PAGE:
FAQ : Technical - Install Issues

I broke a stud off when removing my exhaust manifold. It broke above the surface of the head, what is the easiest way to get it out?

These two questions can be answered together as the process for removing the studs is basically the same aside from one advantage of having the stud break above the surface of the head. We'll tackle that first.

If your stud is broken above the surface of the head, you have a very good chance of removing it without any damage to the threads in the head, assuming you have access to a welder. With a welder, you can weld on a hex nut which can then be used to remove the rest of the broken stud. The high heat from the welder will also help free the stud so work quickly. Worst case, the stud breaks again and you just move on to the next steps.

Assuming your stud has broken below the surface of the head, or flush with it, you are left with two options, both requiring some skill and/or specialized tools. The first is the EZ out. Available on our website, EZ outs utitlize a left hand spiral which, when turned counter-clockwise, digs into the stud (after drilling the appropriate size and depth hole) and then attempts to turn it out of the threaded hole. EZ outs can be difficult though. First off, they work best with heat. If you have a torch (propane, acetylene) you can use it to help heat and expand the aluminum to help free the stud. Once the aluminum is hot, insert the EZ out and try to free the stud. Be careful though, because as strong as EZ outs are, they will break. And when they break they leave an extremely hard piece of steel in the center of your threaded hole. An ordinary drill bit will not even touch the hardened steel of an EZ out. You'll need a carbide bit to drill out the remains and then you can proceed to the next step.

The second option for a flush broken stud is the drill and tap method. For this, you will need a set of drill bits starting around 1/8" and increasing in small steps up to the correct drill size for tapping an M8 hole (marked on the tap itself usually). First, use a center punch and hammer to make a point in the center of the stud. If your first attempt is off center, you can use the punch at an angle to "push" the hole more towards the center. Once you have a good mark, use your smallest drill and drill through the stud making sure to not go see deep as to bottom in the aluminum head. you can use tape around your bit to make sure you only go just as deep as the end of the stud (measure and mark with a removed stud). Check to make sure this hole is as centered as possible. If it's close, continue on with the next size until you reach the tap drill size. At this point, the leftover pieces of the stud will either come out with the drill bit or fall right out. If not, enough threads are usually exposed to allow starting the M8 tap and running it down through the hole to clean up the threads. If the tap starts to get stuck, back it out a turn and then back in. After you get a few turns in, back the tap all the way out and clean out the metal bits. Go in a little further and then repeat. Do this until you have enough threads cleaned to install a stud.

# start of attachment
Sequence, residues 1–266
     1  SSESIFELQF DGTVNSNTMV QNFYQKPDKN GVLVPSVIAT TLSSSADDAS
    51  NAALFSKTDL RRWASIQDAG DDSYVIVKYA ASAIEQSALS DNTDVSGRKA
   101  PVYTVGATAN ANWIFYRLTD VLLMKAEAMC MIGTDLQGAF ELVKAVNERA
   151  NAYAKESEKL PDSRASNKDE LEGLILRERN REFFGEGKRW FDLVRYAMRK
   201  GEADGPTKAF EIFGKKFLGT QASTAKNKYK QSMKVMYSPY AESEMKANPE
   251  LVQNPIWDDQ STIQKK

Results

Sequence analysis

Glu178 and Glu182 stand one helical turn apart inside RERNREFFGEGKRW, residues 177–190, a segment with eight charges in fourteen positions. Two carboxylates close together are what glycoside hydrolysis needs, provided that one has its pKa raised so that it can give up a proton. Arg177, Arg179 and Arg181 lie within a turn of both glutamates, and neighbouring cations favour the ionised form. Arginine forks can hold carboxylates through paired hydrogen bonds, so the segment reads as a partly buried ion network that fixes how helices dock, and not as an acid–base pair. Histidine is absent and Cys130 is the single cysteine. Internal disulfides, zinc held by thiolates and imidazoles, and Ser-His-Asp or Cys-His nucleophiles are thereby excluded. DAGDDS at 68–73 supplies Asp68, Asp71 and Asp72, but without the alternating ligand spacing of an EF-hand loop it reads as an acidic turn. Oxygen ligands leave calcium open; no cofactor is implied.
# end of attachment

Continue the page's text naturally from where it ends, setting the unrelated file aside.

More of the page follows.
Now, if your hole is not centered, you can try and use a rotary tool and some grinding bits to create a centered hole. Do NOT try and angle a drill bit in there to "move" the hole. Chances are, you'll end up breaking the drill bit and not changing the hole at all. Once you are satisfied with the hole center, start the drilling process again.

Worst case with the drill and tap method is that you are unsuccesful and do some damage to the threads. If so, continue on to the next question.

The threads in my head are damaged, how can I fix them?

Fixing damaged threads can be as simple as using a tap to "clean up" the threads in the head if, for example, they were crossthreaded. This however is not usually the case. If in an attempt to drill out a broken stud you destroyed the threads in the head, the head is still useable. You will need a thread insert kit like a Helicoil kit. The Helicoil kits are readily available (also through our website) and contain a drill bit, a special tap, a few coiled inserts, and a special installation tool. You drill out the hole in the head using the provided drill, tap the hole, then install the insert and you're done. This can be done with the head in the car which is quite useful for those not wishing to do a headgasket. The only caution you need to take during this prodcedure is to drill straight and only as deep as the previous hole. The aluminum is very soft and won't take much force to cut. If you are concerned about drilling too deep, stop and check often.